Suicides hit all-time high in Singapore in 2012
SINGAPORE — Suicides in Singapore hit an all-time high of 467 in 2012 as more young people bogged down by stress and relationship woes took their own lives, a charity group dealing with the problem said Friday.
The tally, a 29 percent increase from the 2011 total, was boosted by an 80 percent rise in the 20-29 age bracket, the Samaritans of Singapore (SOS) said in a statement.
“Common problems presented by this group of people involved stressful life events, and interpersonal relationship issues,” said SOS, which aims to prevent suicides by providing emotional support through private counselling and a 24-hour telephone hotline.
“These include unemployment, stress with studies or work, financial worries, family life, and struggles with social interactions and feelings of loneliness.”
Christine Wong, executive director of SOS, said young people under stress “tend to hide their pain behind a facade, not knowing where, how or who they can approach for help.”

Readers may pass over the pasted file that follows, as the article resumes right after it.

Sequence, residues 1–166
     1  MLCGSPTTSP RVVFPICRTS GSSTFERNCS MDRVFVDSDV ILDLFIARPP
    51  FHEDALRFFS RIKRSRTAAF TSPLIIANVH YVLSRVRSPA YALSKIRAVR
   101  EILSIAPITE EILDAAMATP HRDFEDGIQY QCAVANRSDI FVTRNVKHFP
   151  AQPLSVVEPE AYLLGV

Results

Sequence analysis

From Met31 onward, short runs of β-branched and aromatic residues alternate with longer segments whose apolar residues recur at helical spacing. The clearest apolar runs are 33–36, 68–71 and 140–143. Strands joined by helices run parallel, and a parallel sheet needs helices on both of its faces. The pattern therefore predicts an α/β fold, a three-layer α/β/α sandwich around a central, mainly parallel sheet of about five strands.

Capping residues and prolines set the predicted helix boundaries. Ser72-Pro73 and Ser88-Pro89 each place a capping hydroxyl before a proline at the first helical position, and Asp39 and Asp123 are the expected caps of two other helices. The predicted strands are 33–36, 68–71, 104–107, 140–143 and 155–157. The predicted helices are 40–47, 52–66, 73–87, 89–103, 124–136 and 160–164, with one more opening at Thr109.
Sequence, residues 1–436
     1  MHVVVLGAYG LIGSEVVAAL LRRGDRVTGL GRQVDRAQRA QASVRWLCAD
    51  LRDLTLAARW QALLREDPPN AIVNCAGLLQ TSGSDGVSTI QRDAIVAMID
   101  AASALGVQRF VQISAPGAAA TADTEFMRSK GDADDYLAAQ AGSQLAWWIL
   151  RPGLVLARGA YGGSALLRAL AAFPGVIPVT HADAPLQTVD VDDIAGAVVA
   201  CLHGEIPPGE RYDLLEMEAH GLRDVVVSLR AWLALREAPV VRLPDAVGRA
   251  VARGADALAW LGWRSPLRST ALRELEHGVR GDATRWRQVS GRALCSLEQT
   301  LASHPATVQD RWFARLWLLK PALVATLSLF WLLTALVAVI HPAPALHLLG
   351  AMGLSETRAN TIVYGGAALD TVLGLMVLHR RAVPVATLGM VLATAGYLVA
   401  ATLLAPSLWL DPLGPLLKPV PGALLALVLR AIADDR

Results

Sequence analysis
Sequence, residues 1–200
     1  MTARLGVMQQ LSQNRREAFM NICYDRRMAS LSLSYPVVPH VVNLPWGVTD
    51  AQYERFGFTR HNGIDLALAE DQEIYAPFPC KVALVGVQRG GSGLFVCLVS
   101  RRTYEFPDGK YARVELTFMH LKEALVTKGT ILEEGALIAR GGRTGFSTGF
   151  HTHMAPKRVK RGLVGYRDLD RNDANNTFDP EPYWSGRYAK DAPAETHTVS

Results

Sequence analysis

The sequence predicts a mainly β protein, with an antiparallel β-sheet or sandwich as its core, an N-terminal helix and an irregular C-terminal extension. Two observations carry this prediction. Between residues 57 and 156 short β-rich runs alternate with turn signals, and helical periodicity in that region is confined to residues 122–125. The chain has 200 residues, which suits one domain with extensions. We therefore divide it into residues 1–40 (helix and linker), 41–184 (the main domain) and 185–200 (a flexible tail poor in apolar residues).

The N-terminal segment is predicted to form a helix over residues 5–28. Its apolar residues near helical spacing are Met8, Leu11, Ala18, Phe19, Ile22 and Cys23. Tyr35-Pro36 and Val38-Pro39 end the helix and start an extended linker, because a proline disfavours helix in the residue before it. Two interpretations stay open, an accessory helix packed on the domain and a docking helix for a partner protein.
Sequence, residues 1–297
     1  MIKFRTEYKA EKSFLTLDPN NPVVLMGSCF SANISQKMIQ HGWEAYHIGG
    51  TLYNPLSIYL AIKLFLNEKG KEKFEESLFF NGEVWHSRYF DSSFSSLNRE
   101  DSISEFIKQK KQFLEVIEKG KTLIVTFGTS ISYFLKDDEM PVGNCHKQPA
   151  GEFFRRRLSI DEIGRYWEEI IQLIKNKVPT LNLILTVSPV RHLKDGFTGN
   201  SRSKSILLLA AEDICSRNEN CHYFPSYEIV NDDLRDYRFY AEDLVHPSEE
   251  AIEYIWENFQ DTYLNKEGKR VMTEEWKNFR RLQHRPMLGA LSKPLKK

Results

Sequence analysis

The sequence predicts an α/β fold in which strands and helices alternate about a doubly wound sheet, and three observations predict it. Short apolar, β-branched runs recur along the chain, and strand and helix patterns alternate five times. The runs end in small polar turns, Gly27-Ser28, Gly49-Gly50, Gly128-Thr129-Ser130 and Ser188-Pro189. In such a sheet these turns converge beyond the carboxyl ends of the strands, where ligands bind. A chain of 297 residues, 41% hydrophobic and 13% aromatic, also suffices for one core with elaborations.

“People around them may not be aware of their distress and are hence unable to provide the support needed,” she said in the statement.
Wong added that the community should play an important role in “de-stigmatizing” suicide by encouraging those under stress to talk about their struggles and suicidal feelings.
SOS received 39,994 calls on its telephone hotline in 2012, down from 40,025 in 2011.
Suicides cases have consistently hovered around two percent of total deaths in Singapore, an affluent city-state of 5.3 million residents known for its pressure-laden school system.
Despite a virtually full employment rate, Singapore also has a highly competitive work environment.
Suicide is an offense in the compact island-state, and anyone who survives an attempt faces a jail term of up to a year, a fine or both.
The World Health Organization last year said one million people commit suicide every year worldwide, accounting for more deaths than wars and murders put together.
The number of suicide attempts is five times higher, it said, with five percent of the people in the world having tried to kill themselves at least once during their lifetime.